Tanker owners carrying crude and products for Russia are to come under the cosh amid a planned new crackdown by the US and Europe over alleged sanctions busting.

Letters have gone out from Washington to more than 30 ship operators of different nationalities — but mainly Greek — demanding proof that they have not been carrying Siberian crude priced above $60 per barrel.

European political leaders have been meeting behind the scenes to discuss how they can make the oil price cap sanctions on the so-called dark fleet and other vessels more effective in future.

Fuel oil trades are also being targeted by the US Department of the Treasury’s Office of Foreign Assets Control, known as Ofac, sending shivers through a chartering community that is fearful its ships might be held up in future.

The clampdown comes amid reports that the US-led price cap aimed at weakening Kremlin revenues and, therefore, war efforts in Ukraine are being almost completely circumvented.

A senior European government official told the Financial Times that “almost none” of the shipments of Russian seaborne crude last month was executed below the $60 limit imposed by the US and G7 countries.

These comments support official — though often disputed — statistics from Moscow, which claim that the average price obtained by Russian crude sellers was above $80 in October.

In a bid to turn this around, G7 countries have been looking at trying to tighten their restrictions. The UK has just imposed sanctions on Dubai-based oil trader Paramount Energy & Commodities for allegedly deploying “deceptive shipping practices”.

Ofac wants to know from tanker owners what kind of due diligence was done on a fleet of nearly 100 vessels believed to have carried Russian crude above the agreed price cap.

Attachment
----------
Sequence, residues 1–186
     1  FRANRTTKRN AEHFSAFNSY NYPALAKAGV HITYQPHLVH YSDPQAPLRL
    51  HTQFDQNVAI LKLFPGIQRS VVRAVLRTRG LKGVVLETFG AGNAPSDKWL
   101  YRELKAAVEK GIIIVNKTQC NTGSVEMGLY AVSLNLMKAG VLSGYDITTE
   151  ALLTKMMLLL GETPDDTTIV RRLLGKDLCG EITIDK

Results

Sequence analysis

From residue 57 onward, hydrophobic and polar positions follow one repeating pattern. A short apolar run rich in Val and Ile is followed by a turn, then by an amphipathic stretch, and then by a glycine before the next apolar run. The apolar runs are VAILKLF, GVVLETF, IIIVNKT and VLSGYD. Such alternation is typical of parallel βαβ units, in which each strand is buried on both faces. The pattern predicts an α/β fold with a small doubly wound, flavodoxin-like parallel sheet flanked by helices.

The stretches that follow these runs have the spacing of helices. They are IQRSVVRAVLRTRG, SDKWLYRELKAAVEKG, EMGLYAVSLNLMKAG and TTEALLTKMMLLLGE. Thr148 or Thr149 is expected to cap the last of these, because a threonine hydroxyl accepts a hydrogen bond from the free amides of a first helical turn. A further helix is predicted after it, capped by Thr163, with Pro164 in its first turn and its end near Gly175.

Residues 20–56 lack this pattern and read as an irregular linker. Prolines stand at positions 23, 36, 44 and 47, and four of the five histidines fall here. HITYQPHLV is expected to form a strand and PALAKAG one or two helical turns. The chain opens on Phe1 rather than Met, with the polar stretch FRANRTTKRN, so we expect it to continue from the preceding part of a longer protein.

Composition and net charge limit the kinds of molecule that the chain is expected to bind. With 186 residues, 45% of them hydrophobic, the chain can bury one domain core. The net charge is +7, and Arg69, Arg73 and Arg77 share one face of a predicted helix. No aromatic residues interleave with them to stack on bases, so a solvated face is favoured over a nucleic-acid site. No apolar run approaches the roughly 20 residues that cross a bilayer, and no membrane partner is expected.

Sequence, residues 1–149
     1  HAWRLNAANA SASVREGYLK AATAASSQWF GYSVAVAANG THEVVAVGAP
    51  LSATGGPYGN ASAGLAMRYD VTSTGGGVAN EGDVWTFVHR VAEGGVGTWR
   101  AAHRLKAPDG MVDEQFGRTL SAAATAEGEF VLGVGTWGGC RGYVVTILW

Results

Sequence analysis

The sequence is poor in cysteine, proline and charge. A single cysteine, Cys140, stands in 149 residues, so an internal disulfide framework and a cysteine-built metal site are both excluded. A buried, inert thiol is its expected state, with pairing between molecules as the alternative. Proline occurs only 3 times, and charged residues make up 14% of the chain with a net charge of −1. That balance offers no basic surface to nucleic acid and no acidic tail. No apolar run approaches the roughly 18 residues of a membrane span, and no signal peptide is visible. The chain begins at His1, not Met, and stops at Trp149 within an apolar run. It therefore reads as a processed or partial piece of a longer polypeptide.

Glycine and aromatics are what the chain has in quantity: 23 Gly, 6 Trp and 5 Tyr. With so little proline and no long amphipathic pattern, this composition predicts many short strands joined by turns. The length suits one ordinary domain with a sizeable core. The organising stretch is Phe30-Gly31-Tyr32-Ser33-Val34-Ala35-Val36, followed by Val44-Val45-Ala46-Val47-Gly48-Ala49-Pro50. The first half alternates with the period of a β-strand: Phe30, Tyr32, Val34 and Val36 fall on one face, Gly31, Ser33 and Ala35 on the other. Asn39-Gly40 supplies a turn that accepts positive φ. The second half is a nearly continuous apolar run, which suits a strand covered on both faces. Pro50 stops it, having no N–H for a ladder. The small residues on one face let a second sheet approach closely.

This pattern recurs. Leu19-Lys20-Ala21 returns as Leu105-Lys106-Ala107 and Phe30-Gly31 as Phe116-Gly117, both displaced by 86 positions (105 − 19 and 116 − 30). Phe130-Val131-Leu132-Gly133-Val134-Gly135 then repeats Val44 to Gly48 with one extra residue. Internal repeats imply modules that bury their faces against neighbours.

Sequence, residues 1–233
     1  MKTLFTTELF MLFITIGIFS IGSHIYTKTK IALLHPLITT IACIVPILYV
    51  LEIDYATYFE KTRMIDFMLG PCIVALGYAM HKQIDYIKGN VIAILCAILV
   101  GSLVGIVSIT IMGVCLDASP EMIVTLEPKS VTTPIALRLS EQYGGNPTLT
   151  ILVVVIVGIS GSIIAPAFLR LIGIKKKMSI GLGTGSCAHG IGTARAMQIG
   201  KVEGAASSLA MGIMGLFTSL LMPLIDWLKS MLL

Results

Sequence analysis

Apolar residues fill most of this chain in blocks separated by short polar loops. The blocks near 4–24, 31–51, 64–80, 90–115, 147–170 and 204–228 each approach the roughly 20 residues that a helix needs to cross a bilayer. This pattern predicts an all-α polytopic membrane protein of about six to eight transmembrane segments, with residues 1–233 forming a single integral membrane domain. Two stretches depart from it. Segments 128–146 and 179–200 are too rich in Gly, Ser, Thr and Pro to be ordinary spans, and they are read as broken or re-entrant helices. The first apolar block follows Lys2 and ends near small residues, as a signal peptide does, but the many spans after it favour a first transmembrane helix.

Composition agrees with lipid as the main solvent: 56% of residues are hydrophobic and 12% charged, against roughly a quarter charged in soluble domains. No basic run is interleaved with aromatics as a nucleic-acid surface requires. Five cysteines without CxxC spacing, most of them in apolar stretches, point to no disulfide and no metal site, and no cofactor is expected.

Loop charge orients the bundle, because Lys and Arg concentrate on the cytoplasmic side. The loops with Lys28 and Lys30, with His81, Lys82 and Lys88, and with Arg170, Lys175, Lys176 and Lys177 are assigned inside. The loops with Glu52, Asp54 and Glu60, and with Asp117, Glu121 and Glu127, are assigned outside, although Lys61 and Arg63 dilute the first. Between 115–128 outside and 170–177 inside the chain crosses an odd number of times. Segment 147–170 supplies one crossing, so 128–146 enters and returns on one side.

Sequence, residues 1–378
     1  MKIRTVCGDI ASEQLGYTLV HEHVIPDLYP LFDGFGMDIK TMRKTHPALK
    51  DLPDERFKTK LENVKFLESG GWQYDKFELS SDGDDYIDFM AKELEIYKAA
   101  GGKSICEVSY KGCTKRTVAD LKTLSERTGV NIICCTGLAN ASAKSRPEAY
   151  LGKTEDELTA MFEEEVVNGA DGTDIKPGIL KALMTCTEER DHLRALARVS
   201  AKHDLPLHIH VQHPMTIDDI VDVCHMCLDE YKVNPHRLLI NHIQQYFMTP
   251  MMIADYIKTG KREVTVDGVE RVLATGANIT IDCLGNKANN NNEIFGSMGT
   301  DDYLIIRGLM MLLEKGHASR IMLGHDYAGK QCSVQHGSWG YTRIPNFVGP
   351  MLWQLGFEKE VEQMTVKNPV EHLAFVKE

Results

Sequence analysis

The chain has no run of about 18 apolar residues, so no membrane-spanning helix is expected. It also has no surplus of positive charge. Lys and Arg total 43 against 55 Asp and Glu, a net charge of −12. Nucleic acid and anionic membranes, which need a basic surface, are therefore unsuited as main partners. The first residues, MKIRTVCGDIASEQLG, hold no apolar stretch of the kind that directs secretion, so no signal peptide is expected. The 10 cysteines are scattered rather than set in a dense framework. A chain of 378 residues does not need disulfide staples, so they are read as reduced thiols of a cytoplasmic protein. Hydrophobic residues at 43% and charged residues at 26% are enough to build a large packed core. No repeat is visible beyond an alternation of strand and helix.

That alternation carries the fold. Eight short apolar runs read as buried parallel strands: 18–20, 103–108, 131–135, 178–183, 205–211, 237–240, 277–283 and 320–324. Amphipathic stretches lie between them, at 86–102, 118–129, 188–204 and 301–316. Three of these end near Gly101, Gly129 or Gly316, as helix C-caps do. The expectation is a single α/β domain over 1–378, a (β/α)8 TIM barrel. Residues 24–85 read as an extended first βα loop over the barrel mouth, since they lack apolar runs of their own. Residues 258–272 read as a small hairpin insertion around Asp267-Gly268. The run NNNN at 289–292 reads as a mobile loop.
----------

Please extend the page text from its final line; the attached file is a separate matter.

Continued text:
It has already urged charterers to only use vessels registered with members of the blue-chip International Association of Classification Societies.

It wants tanker users to double-check that freight and customer costs are not being bundled together to cheat on the price cap.

Toughening up

The letters sent out from Ofac — about which the Treasury has not commented — appear to herald a harder line by Washington that spells jeopardy for tanker owners carrying Russian exports.

Most industry experts say the US had been somewhat lax about the issue, although two vessels and their owners were put on an Ofac blacklist last month and certainly more can be expected to follow.

Washington and the West have been distracted.

The terrorist attack on Israel followed by the 10,000 civilian deaths in the retaliatory and ongoing bombardment of Gaza has swung attention from the Black Sea to the Middle East Gulf.

Angeliki Frangou, chief executive of Navios Maritime Partners, said this week that soaring US government debt, unprecedented monetary policy, economic woes in China coupled with war in Ukraine and Gaza made this “one of the most dangerous times in history”.

She said the big threat posed by Palestine was that conflict extended outwards into the wider Middle East, putting at risk the 40% of world oil passing through the Strait of Hormuz.

Takeshi Hashimoto, Frangou’s counterpart at Japan’s Mitsui OSK Lines, said he was more concerned about geopolitical risk than he was about uncertainty over the economies of the US and China next year. And yet more oil is needed than ever. On Tuesday, the International Energy Agency upgraded its oil demand growth expectations for 2023 by 2.4m barrels per day to reach a record 102m bpd.

Leaky sieve

The US is now said to be pumping 19.8m bpd — much higher than its largest rivals Saudi Arabia and Russia, which are both holding back export volumes to keep the price up.

The increased long-haul routes needed to move oil from the US have been boosting tanker freight rates, but the IEA is still expecting a slight reduction in oil demand in 2024 to less than 1m extra bpd.

The agency said Russia was having to pay more for its shipping — up to 35% more in freight costs from the Baltic to India during October — but higher export volumes are making up for any lost Kremlin revenues.

Sanctions may often seem as effective as a leaky sieve, but tanker owners and charterers moving Russian crude and products are clearly now under greater threat of blacklist and seizure.